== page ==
Thursday, July 4, 2019

Written Thursday, July 4, 2019

[Published retroactively on 2021-09-03, with minor edits for privacy.]

I didn't realize until earlier this morning how much I actually want to write about this.

The fourth of July has always been a stressful holiday for me, in one way or another. In recent years it has been largely because the entire day was a continuous hell for my poor dog, who would spend the surrounding 36 hours pacing the house in abject fright, unable to even get outside long enough to visit the yard, because of the random booms and explosions. Watching him suffer and being utterly powerless to help was not exactly conducive to enjoying the day.

But there's more than that, and I realized that as I thought about what to do with the day when I'm by myself. For instance... why am I spending the day alone? I've carefully avoided getting invited anywhere. Sure, some of that is transition related, and it's nice to just have a chance to not perform for anyone else. But there's definitely more still.

A bunch clicked into place when I read a tiny [social media] post from someone about their own negative feelings about today. The "patriotism" still grosses me out a lot. The nationalism has waxed and waned over the years, and in the social circles I'm in these days, it's certainly tempered compared to - say - the atmosphere in the post-9/11 south.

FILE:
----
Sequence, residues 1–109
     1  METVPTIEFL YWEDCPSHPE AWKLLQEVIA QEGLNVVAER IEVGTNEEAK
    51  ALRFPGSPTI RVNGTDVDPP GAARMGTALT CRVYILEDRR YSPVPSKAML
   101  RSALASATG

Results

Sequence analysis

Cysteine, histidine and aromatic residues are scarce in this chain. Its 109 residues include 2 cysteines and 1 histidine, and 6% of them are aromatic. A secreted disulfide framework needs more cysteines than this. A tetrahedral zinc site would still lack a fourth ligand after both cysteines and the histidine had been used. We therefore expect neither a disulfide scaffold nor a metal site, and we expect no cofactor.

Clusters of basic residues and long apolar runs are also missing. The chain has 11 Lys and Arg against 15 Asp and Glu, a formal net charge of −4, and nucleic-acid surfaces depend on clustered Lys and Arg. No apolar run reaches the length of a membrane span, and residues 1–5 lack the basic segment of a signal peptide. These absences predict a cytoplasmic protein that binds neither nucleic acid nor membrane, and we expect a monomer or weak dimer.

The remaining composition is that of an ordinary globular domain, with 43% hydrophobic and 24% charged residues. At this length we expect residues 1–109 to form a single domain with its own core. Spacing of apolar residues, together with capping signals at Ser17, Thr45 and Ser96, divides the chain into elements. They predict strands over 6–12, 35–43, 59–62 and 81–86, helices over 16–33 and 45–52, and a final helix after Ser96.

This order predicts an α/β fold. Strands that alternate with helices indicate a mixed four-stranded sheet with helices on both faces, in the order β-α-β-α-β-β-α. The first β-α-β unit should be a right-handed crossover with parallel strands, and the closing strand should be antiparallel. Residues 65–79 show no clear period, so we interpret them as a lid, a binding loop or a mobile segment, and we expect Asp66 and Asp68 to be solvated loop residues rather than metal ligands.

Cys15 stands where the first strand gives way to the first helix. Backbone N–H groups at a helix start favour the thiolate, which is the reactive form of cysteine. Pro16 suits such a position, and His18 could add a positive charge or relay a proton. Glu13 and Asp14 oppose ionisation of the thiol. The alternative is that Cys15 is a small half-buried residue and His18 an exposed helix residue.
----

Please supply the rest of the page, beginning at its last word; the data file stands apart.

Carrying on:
But there's still some polarizing clearly visible. Presumably there's a camp that thinks the country is good right now, and while that makes me quite sad, I at least don't have to interact with them these days, which is important for my own health. There's definitely a camp that feels like we're off track and just need to stand for the Right Things and it will all get better - like there's a core essential America that can still be salvaged. The bizarre overlap with MAGA rhetoric is not lost on me, but I do kind of worry that it might be lost on everyone else.